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What is this?

Coast is a full stack web framework written in Clojure for small teams or solo developers. It uses a relational database and renders html on the server without javascript which allows you to ship your web applications faster

(ns server
  (:require [coast]))

(def routes [[:get "/" ::home]])

(defn home [request]
  "You're coasting on clojure!")

(def app (coast/app {:routes routes}))

(coast/server app {:port 1337})

The Docs

More comprehensive docs are available here


If you don't want to read the docs, and just want to jump in, you're in the right place.

Installation on Mac

  1. Make sure clojure is installed first
brew install clojure
  1. Install the coast cli script
curl -o /usr/local/bin/coast && chmod a+x /usr/local/bin/coast
  1. Create a new coast project
coast new myapp && cd myapp

Installation on Linux (Debian/Ubuntu)

  1. Make sure you have bash, curl, rlwrap, and Java installed
curl -O
chmod +x
sudo ./
  1. Install the coast cli script
sudo curl -o /usr/local/bin/coast && sudo chmod a+x /usr/local/bin/coast
  1. Create a new coast project
coast new myapp && cd myapp

This will take you from a fresh coast installation to a working todo list app.

New Project

The first thing you do when you start a coast project? coast new in your terminal:

coast new todos

This will make a new folder in the current directory named "todos". Let's get in there and see what's up:

cd todos
tree .

This will show you the layout of a default coast project:

├── Makefile
├── bin
│   └── repl.clj
├── db
│   └── associations.clj
├── db.edn
├── deps.edn
├── env.edn
├── resources
│   ├── assets.edn
│   └── public
│       ├── css
│       │   ├── app.css
│       │   └── tachyons.min.css
│       └── js
│           ├── app.js
│           └── jquery.min.js
├── src
│   ├── components.clj
│   ├── home.clj
│   ├── routes.clj
│   └── server.clj
└── test
    └── server_test.clj


For the sake of this tutorial, we want to show a list of todos. In coast, that means making a place for these todos to live, in this case (and in every case): start with the database. You can make a database with a handy shortcut that coast gives you:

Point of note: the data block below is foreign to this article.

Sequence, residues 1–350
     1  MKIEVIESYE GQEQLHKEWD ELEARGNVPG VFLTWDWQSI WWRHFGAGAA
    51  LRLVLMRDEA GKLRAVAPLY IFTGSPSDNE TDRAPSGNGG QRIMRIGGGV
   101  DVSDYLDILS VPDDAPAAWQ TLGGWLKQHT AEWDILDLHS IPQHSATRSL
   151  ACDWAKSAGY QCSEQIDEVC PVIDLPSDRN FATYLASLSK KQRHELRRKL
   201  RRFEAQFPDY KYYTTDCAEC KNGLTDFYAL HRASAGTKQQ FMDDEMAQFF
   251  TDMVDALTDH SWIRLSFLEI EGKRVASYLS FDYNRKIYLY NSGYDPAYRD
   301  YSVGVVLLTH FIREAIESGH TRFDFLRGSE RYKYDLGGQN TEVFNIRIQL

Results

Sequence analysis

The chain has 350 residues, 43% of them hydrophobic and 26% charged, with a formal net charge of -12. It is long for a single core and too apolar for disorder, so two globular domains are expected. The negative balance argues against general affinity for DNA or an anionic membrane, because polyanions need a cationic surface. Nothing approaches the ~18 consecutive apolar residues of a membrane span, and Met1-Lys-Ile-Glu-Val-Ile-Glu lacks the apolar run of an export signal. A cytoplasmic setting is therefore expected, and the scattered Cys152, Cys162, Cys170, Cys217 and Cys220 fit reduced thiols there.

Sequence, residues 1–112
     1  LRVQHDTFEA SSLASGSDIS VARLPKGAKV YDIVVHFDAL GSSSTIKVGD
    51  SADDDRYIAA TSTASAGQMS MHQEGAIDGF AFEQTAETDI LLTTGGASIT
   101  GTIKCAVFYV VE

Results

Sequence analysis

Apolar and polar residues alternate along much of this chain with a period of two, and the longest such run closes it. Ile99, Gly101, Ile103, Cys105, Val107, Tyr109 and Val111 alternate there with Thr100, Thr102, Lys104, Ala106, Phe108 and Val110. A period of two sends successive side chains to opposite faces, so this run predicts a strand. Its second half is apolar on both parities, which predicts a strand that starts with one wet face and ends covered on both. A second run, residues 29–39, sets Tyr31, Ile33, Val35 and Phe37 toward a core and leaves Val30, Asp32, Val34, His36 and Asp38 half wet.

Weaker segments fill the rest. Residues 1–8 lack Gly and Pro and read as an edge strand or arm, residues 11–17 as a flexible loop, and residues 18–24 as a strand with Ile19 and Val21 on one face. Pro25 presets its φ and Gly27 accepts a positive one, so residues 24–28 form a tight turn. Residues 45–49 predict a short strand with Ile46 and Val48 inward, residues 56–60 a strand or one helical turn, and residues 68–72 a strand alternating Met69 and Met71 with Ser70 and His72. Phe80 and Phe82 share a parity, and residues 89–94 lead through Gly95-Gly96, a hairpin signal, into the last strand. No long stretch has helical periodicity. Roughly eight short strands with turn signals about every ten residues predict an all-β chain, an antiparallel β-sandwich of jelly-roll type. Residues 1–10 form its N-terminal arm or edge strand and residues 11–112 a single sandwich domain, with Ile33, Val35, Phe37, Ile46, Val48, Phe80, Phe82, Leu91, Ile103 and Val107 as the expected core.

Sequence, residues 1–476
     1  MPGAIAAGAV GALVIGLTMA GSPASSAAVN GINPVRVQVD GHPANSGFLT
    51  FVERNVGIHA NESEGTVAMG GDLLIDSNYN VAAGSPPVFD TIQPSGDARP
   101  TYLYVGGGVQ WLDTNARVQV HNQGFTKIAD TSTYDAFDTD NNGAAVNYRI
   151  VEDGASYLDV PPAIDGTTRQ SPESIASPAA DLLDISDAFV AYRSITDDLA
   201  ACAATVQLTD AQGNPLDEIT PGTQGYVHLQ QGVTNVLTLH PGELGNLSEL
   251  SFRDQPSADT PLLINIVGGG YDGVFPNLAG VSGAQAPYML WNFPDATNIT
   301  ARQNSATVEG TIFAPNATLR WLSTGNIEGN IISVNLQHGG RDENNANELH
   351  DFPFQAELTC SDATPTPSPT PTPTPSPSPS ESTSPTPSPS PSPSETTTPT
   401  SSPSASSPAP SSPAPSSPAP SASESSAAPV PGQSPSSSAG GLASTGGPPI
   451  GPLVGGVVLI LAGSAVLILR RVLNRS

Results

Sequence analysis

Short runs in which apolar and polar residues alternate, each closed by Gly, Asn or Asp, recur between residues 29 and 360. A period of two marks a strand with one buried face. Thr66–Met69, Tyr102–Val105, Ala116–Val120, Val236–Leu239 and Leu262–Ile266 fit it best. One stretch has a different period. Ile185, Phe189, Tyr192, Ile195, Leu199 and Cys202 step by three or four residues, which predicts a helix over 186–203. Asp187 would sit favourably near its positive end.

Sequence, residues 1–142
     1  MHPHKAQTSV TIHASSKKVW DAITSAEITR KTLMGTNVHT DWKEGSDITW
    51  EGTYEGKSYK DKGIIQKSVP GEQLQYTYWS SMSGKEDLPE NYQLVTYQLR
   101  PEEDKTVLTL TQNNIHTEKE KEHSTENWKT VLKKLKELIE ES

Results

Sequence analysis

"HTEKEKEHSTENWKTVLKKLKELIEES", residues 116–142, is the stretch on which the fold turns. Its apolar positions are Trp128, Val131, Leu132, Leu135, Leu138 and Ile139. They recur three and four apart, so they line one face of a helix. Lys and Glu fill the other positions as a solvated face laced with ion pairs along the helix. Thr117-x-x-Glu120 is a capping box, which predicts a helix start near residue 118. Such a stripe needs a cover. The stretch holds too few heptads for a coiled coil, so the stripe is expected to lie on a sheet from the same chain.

make db/create
# clj -A\:db/create
# Database todos_dev.sqlite3 created successfully

This will create a sqlite database by default with the name of the database defined in db.edn and the COAST_ENV or :coast-env environment variable defined in env.edn.


Now that the database is created, let's generate a migration:

coast gen migration create-table-todo name:text finished:bool
# db/migrations/20190926190239_create_table_todo.clj created

This will create a file in db/migrations with a timestamp and whatever name you gave it, in this case: create_table_todo

(ns migrations.20190926190239-create-table-todo
  (:require [coast.db.migrations :refer :all]))

(defn change []
  (create-table :todo
    (text :name)
    (bool :finished)

This is clojure, not sql, although plain sql migrations would work just fine. Time to apply this migration to the database:

make db/migrate
# clj -m coast.migrations migrate
# -- Migrating:  20190310121319_create_table_todo ---------------------
# create table todo ( id integer primary key, name text, finished_at timestamp, updated_at timestamp, created_at timestamp not null default current_timestamp )
# -- 20190310121319_create_table_todo ---------------------
# 20190310121319_create_table_todo migrated successfully

This updates the database schema with a todo table. Time to move on to the clojure code.


Now that the database has been migrated, this is where coast's generators come in. Rather than you having to type everything out by hand and read docs as you go, generators are a way to get you started and you can customize what you need from there.

This will create a file in the src directory with the name of a table. Coast is a pretty humble web framework, there's no FRP or graph query languages or anything. There are just files with seven functions each: build, create, view, edit, change, delete and index.

coast gen code todo
# src/todo.clj created successfully

Coast uses a library under the hood called hiccup to generate html.


One thing coast doesn't do yet is update the routes file, let's do that now:

(ns routes)
  (:require [coast]))

(def routes
    (coast/site-routes :components/layout
      [:get "/" :home/index]
      [:resource :todo] ; add this line

      [:404 :home/not-found]
      [:500 :home/server-error])))

The routes are also clojure vectors, with each element of the route indicating which http method, url and function to call, along with an optional route name if you don't like the namespace/function name.

Start the server

From the command line

Let's check it out from the terminal. Run this

make server

From the REPL

Navigate to the src/server.clj file and type this below the (defn -main) part:


I currently use proto-repl, check it out if you want a smooth clojure REPL experience.

First run, the nrepl server:

make repl

Then in your editor, connect to the nrepl server, in atom with proto-repl for example:

Press, Ctrl+Cmd+Y and hit Enter.

After you're connected, load the server.clj file with Option+Cmd+Shift+F.

Finally, move your cursor to (-main) and evaluate the top block with Shift+Cmd+B.

Check out the page

Navigate to http://localhost:1337/todos and check out your handiwork.

Tested on Different Platforms

Tested on Clojure 1.10.0 on OSX El Capitan using brew to install Clojure

readline versions might clash depending on your setup. You might need to downgrade to a lower version of readline depending on your version of clojure. For example... readline version 7.0 for clojure 1.9


Any contribution is welcome! Submit a PR and let's get it merged in!


Coast on Clojure is released under the MIT License.

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